I’ll stop here. See episodes 2,3 & 4 of this podcast for more info.
For arguments sake, let’s accept that the contestants have slower metabolisms than other people now. Why are the researchers only blaming the weight-loss?
Why are they ignoring the possibility that the extreme conditions on the show had extreme physiological consequences?
One point I make on every one of these podcast episodes is that we can’t cheat or out math nature and anytime we try to, we pay a consequence.
As your body loses fat, your hormones change, and hormonal changes cause all kinds of variables and problems, especially when it comes to your body weight.
This I don’t contest.
This is also a medical and scientific fact: Rapid weight-loss can cause a weakening of the heart muscle, which could set a person up for cardiovascular problems. This also means weight-loss could affect how the heart pumps, and that alone would change someone’s metabolism.
Rapid weight-loss can also cause dangerous reductions in potassium and electrolytes, as well as key nutrients if they are starving themselves…
All of these things create a million other variables that create a million other variables that could all have long-term metabolic consequences as well as long-term health consequences in general.
Anorexia in males also decreases testosterone. While I’m not calling the contestants anorexics, their prolonged starvation at the hands of their coaches puts them practically in the same boat, and there it is a scientific fact that decreased testosterone causes all kinds problems, especially in men (although this was mysteriously not in the NYT article either).
The NYT also made a big fuss about leptin, which makes me wonder who is paying these researchers.
Let me explain: Leptin came to fame twenty years ago -- literally, in 1996. For a hot minute leptin was going to be the cure for obesity (and highly profitable for whichever company produced a pill form), because administered synthesized leptin caused weight loss.
But then something unexpected happened: More research revealed that obese people had an EXCESS of leptin rather than a deficiency. The more body fat someone had, the more leptin was present, leading researchers to conclude that obese people are “insensitive to endogenous leptin production.”
That then became the million-dollar question in obesity research, “why are obese people insensitive?”
Researchers at UCSF medical center cracked the code, sort-of. They figured out that insulin was causing widespread leptin resistance.
It would take dozens more podcasts to talk about insulin and how diet, particularly fat and animal foods, affect insulin, but for now: changes in insulin create a million more variables.
There are just too many variables at play here to blame or pinpoint one thing or five things and the researchers fail to acknowledge this basic fact.
The reality to this reality TV show is that the producers and coaches are doing something to people nature had never conceived of and we aren’t even close to beginning to understand the causes and effects of that short-term and long-term.
What we do know is that there is a medically healthy rate you can lose weight, which is 20 to 25 pounds per year, about half a pound per week on average.
I know that most medical professionals will say 1 to 2 pounds per week, but studies of people who actually keep it off? They tend to only lose 20-25 pounds per year.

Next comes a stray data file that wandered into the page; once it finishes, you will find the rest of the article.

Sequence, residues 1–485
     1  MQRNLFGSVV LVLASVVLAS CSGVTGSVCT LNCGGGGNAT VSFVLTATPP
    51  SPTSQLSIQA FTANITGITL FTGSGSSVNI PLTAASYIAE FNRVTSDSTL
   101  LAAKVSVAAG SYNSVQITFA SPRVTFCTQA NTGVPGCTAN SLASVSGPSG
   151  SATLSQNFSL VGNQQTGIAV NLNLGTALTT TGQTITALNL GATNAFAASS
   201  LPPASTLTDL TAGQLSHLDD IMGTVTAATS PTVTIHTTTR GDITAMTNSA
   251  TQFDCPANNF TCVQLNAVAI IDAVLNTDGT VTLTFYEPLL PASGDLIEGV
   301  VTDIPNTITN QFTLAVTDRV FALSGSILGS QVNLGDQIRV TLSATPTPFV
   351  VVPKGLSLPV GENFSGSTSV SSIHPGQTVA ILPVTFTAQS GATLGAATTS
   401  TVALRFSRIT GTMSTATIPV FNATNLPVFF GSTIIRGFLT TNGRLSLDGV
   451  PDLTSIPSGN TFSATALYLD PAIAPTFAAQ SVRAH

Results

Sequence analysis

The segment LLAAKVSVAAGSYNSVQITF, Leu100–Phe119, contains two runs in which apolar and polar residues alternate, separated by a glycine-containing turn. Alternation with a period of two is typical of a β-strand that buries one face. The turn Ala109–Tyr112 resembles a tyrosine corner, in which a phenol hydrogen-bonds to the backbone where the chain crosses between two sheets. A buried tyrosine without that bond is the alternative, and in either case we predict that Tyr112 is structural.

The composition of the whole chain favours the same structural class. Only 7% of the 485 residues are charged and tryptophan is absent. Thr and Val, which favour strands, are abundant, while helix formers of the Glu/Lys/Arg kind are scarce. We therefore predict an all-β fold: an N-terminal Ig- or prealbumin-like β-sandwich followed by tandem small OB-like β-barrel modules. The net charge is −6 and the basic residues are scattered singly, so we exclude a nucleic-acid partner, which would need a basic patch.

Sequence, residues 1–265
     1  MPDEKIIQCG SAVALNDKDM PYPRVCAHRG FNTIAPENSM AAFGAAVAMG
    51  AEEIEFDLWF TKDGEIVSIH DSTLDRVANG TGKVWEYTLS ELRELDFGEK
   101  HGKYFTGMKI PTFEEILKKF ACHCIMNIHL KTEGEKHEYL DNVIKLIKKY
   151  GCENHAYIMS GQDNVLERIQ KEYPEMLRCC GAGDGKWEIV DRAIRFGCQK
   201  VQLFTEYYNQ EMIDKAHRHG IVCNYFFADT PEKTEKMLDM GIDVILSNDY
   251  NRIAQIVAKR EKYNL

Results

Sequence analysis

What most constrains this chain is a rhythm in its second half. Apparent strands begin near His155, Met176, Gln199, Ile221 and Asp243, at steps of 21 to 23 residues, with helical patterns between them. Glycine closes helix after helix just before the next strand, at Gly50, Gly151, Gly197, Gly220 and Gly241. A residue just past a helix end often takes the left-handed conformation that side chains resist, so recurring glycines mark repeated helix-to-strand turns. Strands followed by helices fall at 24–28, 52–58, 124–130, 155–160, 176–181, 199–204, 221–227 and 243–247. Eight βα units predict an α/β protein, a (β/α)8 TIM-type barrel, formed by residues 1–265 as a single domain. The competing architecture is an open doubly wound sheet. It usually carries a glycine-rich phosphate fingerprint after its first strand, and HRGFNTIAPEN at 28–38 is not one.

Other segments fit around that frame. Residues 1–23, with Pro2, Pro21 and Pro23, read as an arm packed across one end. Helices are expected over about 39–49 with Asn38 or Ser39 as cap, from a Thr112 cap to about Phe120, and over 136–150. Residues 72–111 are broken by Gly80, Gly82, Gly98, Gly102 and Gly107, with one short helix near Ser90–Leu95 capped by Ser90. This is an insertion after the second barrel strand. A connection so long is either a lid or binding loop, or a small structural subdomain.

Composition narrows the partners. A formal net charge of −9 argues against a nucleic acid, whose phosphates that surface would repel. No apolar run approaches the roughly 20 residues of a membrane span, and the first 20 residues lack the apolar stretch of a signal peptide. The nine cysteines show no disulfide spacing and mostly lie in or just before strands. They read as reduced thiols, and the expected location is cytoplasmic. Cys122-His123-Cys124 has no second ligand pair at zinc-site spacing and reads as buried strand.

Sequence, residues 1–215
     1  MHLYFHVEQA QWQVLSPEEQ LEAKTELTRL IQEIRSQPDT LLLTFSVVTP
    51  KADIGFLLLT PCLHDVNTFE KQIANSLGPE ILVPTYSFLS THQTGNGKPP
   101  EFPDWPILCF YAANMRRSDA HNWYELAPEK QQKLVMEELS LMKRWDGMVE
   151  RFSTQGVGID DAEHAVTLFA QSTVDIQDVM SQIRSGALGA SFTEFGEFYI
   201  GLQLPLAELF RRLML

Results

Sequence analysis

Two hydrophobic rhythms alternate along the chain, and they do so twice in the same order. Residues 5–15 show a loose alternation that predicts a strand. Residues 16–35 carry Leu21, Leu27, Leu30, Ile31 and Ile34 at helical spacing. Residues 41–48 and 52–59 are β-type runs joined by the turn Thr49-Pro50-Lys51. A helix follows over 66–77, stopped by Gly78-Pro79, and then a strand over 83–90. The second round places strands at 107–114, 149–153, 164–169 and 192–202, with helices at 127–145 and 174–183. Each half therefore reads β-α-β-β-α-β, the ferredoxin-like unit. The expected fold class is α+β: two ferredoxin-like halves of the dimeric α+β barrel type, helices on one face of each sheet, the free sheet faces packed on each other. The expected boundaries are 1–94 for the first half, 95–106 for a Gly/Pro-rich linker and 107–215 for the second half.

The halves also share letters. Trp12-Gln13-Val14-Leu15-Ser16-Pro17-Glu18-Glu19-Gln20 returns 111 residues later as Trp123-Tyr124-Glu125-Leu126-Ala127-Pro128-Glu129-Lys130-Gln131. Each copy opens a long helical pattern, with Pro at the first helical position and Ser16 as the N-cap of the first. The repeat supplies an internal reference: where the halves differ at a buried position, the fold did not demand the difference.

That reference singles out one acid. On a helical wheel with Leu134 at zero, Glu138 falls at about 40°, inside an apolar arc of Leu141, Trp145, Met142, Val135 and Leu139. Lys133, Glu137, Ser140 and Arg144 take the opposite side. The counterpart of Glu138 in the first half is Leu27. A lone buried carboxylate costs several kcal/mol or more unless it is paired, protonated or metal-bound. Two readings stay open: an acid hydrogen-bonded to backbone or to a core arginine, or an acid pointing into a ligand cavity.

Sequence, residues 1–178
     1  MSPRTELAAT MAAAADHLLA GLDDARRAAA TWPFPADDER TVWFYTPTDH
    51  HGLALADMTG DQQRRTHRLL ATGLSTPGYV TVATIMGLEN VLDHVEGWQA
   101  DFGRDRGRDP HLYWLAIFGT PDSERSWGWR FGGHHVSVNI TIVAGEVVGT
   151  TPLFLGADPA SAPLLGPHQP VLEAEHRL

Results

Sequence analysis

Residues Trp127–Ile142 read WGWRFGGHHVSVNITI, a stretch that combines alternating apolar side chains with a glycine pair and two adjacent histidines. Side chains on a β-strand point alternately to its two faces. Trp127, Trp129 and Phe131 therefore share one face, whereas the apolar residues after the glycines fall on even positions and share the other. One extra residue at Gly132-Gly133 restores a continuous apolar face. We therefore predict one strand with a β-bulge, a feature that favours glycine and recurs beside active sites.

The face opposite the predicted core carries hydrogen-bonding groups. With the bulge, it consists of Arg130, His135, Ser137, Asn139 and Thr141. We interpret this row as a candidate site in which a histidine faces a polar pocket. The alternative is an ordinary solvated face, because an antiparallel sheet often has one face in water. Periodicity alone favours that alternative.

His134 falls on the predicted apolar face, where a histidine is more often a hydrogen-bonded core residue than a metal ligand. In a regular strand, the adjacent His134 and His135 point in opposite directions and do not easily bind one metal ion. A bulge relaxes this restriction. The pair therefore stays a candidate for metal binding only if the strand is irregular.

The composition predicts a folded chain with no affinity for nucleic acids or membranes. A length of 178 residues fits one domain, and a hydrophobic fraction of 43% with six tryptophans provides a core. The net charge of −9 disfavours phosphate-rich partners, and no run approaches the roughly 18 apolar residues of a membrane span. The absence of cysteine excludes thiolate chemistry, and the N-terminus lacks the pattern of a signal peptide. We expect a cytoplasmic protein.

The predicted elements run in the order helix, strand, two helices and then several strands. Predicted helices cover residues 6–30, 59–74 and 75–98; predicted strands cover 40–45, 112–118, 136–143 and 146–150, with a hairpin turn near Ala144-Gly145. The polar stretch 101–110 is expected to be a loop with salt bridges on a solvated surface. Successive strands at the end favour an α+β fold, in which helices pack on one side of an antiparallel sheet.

And Looking back at Meal Mentor data… for members who have lost 75lbs or more, and then kept it off, almost all of them lost about 25 pounds per year.
It really is a marathon.
One last quick note about Leptin: With healthy, slow weight-loss, sensitivity to leptin returns to normal if it drops.
But with the contestants, their loss was radical, and then they regained all the weight, which is a double whammy.
Some obesity researchers believe BL contestants end up with pseudo Cushing's due to the rapid fat loss on the show, which is mostly irreversible.
Cushing’s (also called hypercortisolism) is caused by either excessive cortisol from a medication or from a tumor that produces or promotes the production of excessive cortisol. (Cortisol is a steroid hormone). One of my best friends has Cushing’s and knowing what I know about her situation and diagnosis, this explanation makes complete sense to me and curiously, was also left out of the article.
Then there are also the psychological consequences.
I haven’t had a chance to cover this on the podcast yet, but there are mountains of evidence that when we feel we have suffered we reward ourselves, consciously and unconsciously.
I can’t imagine how the mind would react to the suffering on The Biggest Loser, or what kind of PTSD contestants might have from all the screaming or media attention afterwards.
I keep thinking about Ali Vincent’s heartbreaking post last month. Ali, the first woman to win (winner season 5), said she recently joined Weight Watchers and is now almost back to her starting weight on the show. She went on to say “I feel ashamed. I feel embarrassed. I feel overwhelmed. I feel like failure." which breaks my heart.
Then, too, as I mentioned a million years ago, there seems to be no effort of teaching behavior modification on the show.
In working with hundreds of people through Meal Mentor I can attest real, lasting weight-loss comes mainly from behavioral changes, with having support at home or online through a community as a very close critical second.
Do the contestants have that? Hard to say.